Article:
Friday, February 22, 2013

What is Chiasmus?

I am currently reading or should I say trying to read Originary Technicity The Theory of Technology from Marx to Derrida by Arthur Bradley. Needless to say my vocabulary is expanding significantly. Every now and a gain a word jumps out at me and I need to know more. The word this morning was Chiasmus, it sounded familiar but I did not know the meaning so for my satisfaction and as a memory jogger I post a reminder from one of a number of websites I came across that offered an explanation, this was the one I preferred, I hope he will forgive me for reposting an extract from his explanation here...

What is Chiasmus?

It's not necessary to read any of what follows to savor the many chiastic quotes that appear on this site. However, by continuing on for a few moments in this section, you'll deepen your understanding of chiasmus and heighten your appreciation of chiastic quotations. If you're a bona fide word, language, and quotation lover, I think you'll find what you're about to read, fascinating.

The Concise Oxford Dictionary of Literary Terms by Chris Baldick provides a more extensive description:
chiasmus [ky-AZ-mus] (plural -mi), a figure of speech by which the order of the terms in the first of two parallel clauses is reversed in the second. This may involve a repetition of the same words ("Pleasure's a sin, and sometimes sin's a pleasure" —Byron) or just a reversed parallel between two corresponding pairs of ideas … . The figure is especially common in 18th century English poetry, but is also found in prose of all periods. It is named after the Greek letter chi (x), indicating a "criss-cross" arrangement of terms. Adjective: chiastic.

As you can see, the proper adjective is chiastic and not "chiasmic" or "chiasmatic," as I've heard some say. Technically, the plural is chiasmi, (as with hippopotamus). However, saying chiasmi can come across as pretentious, so you'll want to do that rarely.
According to the OED, chiasmus made its first published appearance in English in 1871 when a British scholar named A. S. Wilkins wrote about an observation from Cicero:
"This is a good instance of the … figure called chiasmus … in which the order of words in the first clause is inverted in the second."
The word goes back to the ancient Greeks and their fascination with language and rhetoric. The "chi" comes from chi, the letter "X" in the Greek alphabet. The word itself comes from the Greek word khiasmos, meaning "crossing." Khiasmos, in turn, is derived from the Greek word khiazein, meaning "to mark with an X."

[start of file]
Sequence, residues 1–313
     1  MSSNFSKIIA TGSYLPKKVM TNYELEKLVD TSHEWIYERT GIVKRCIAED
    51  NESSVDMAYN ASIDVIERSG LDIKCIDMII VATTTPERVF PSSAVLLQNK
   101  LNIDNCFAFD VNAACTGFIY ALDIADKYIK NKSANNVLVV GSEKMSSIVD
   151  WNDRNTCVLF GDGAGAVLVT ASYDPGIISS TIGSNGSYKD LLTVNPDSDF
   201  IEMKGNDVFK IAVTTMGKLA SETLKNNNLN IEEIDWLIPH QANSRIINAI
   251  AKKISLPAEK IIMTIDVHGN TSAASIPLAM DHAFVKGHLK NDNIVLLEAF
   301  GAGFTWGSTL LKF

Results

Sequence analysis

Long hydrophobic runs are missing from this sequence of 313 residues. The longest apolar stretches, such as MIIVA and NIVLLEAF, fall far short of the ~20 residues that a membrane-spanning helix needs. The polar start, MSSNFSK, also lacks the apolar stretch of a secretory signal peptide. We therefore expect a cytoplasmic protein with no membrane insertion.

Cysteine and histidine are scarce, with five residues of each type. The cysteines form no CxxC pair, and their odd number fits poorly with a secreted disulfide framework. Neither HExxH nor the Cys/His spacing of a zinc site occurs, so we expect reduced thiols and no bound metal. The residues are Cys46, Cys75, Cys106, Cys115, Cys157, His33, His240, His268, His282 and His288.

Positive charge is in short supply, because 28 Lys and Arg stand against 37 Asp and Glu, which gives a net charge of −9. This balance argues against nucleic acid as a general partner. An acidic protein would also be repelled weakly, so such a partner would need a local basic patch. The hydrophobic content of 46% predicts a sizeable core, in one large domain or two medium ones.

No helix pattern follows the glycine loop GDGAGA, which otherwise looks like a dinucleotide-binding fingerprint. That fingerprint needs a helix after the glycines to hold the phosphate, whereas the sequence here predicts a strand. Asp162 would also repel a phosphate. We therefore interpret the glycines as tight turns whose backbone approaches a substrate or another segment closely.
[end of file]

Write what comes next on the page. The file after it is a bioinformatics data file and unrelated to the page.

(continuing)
"To Mark With an X"
One of the most fascinating features of chiasmus is this "marking with an X" notion. Take Mae West's signature line, "It's not the men in my life, it's the life in my men." By laying out the two clauses parallel to each other, it's possible to draw two lines connecting the key words:
It's not the men in my life


it's the life in my men.
The lines intersect, creating an "X." This quote, and all the chiastic quotations you've seen so far on this site, can be "marked with an X." Here are two more examples:
Home is where the great are small


and the small are great

One should eat to live


not live to eat
If you're ever wondering whether a particular quote is chiastic, simply lay it out in this manner. If you can mark it with an X, it is. If you can't, it probably isn't.
The ABBA Method
One other interesting way to view chiastic quotes is the ABBA method. Let's go back to the Mae West quote. If you assign the letters A and B to the first appearance of the key words and A' and B' (read "A prime" and "B prime") to their second appearance, they follow what is referred to as an ABBA pattern:
A   It's not the men
  B   in my life
  B'   it's the life
A'   in my men
Here's how the other two quotes would be laid out:
A   Home is where the great
  B   are small and
  B'   the small
A'   are great
A    One should eat to
  B   live, not
  B'   live
A'   to eat
Chiasmus can be achieved by reversing more than two key words. This observation from the 18th century English writer, Charles Caleb Colton, is a good example:
"How strange it is that we of the present day are constantly praising
that past age which our fathers abused,
and as constantly abusing that present age,
which our children will praise."
Laid out schematically, it looks like this:
A   How strange it is that we of the present day are constantly praising
  B   that past age
    C     which our fathers abused,
    C'     and as constantly abusing
  B'   that present age,
A'   which our children will praise
Another good example comes from Genesis 9:6:
A   Whoever sheds
  B   the blood
    C     of man
    C'     by man shall
  B'   his blood
A'   be shed
Technically, it doesn't make any difference how many words are reversed. Some scholars believe that a chiastic structure can be found in much larger passages, including entire sections of the New Testament and other ancient sacred writings. But that's getting ahead of ourselves. Here, I just wanted to show you how the order of words—any number of words—in the first part of an expression can be reversed in the second.

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